If music has been your hobby up until this point, but you’re looking to turn it into more of a full-time thing, then you’re in the right place. Perhaps you’ve been thinking about it for a while but weren’t sure where to start. Or maybe you just want to take your love for music to a new level. Whatever it is, we’re here to help you get started with your music career.
Here’s some advice for all of you making the leap from music being a side thing to music being the thing. Feel free to use the bits you need and leave the rest. Everyone starts at different stages in their life and music talents. You might have only recently mastered an instrument, or you might have been playing since before you could walk. This guide is for everyone, and we hope it helps as many of you as possible.
What is your end goal?
This is an important starting point because we all have different goals. We’re all looking to get different things out of our music passion. You might want to turn music into your full time job, singing and performing on the road, selling your music online and having your own fanbase. Or perhaps you want to get your releases up on music stores, but the touring life isn’t for you. Everyone is different and that’s perfectly fine.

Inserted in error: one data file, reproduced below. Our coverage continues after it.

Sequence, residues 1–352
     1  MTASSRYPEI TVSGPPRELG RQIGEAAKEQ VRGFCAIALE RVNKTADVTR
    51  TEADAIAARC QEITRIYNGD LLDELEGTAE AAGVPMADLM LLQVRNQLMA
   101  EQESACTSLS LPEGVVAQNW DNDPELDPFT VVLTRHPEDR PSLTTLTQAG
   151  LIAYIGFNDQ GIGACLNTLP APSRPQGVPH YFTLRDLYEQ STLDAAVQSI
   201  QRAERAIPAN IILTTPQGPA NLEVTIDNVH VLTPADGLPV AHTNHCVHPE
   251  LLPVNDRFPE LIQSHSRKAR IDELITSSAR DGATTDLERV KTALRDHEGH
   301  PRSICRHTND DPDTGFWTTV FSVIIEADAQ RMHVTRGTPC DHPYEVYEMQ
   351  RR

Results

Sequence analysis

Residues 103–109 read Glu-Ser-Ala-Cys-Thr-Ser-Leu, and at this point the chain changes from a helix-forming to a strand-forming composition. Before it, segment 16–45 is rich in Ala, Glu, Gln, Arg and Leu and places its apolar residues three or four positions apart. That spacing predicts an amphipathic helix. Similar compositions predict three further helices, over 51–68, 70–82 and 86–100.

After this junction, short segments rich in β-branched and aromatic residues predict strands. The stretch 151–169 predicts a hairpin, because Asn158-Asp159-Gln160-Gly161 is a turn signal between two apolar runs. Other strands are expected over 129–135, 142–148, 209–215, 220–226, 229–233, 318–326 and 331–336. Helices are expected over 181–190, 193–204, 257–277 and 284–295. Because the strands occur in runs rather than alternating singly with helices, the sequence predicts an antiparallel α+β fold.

It’s important you decide what you want out of it before jumping into it with no plan. Otherwise, you’ll find yourself being moulded by other people in the industry and will get lost. If you end up doing it for other people and what they want, then you’re not going to enjoy it. Some people have the goal to be signed to a label and have someone else deal with the paperwork as such. You might not want this. It might be that your goal is to do everything solo. Either way is great, and it’s completely your choice.
Do you want to join a band? If playing the guitar is what you’re about, maybe you want to join up with a team to put on a performance. You may even want to start your own label eventually. Think about this first though, so you know the end point you’re working towards. Unfortunately there are thousands of other artists out there with the same idea as you, so you need to figure out a route to get yourself up and running. Otherwise, you run the risk of getting swept out of your depth. It’s unlikely you’ll post a track on social media and be discovered overnight, so these things will take time.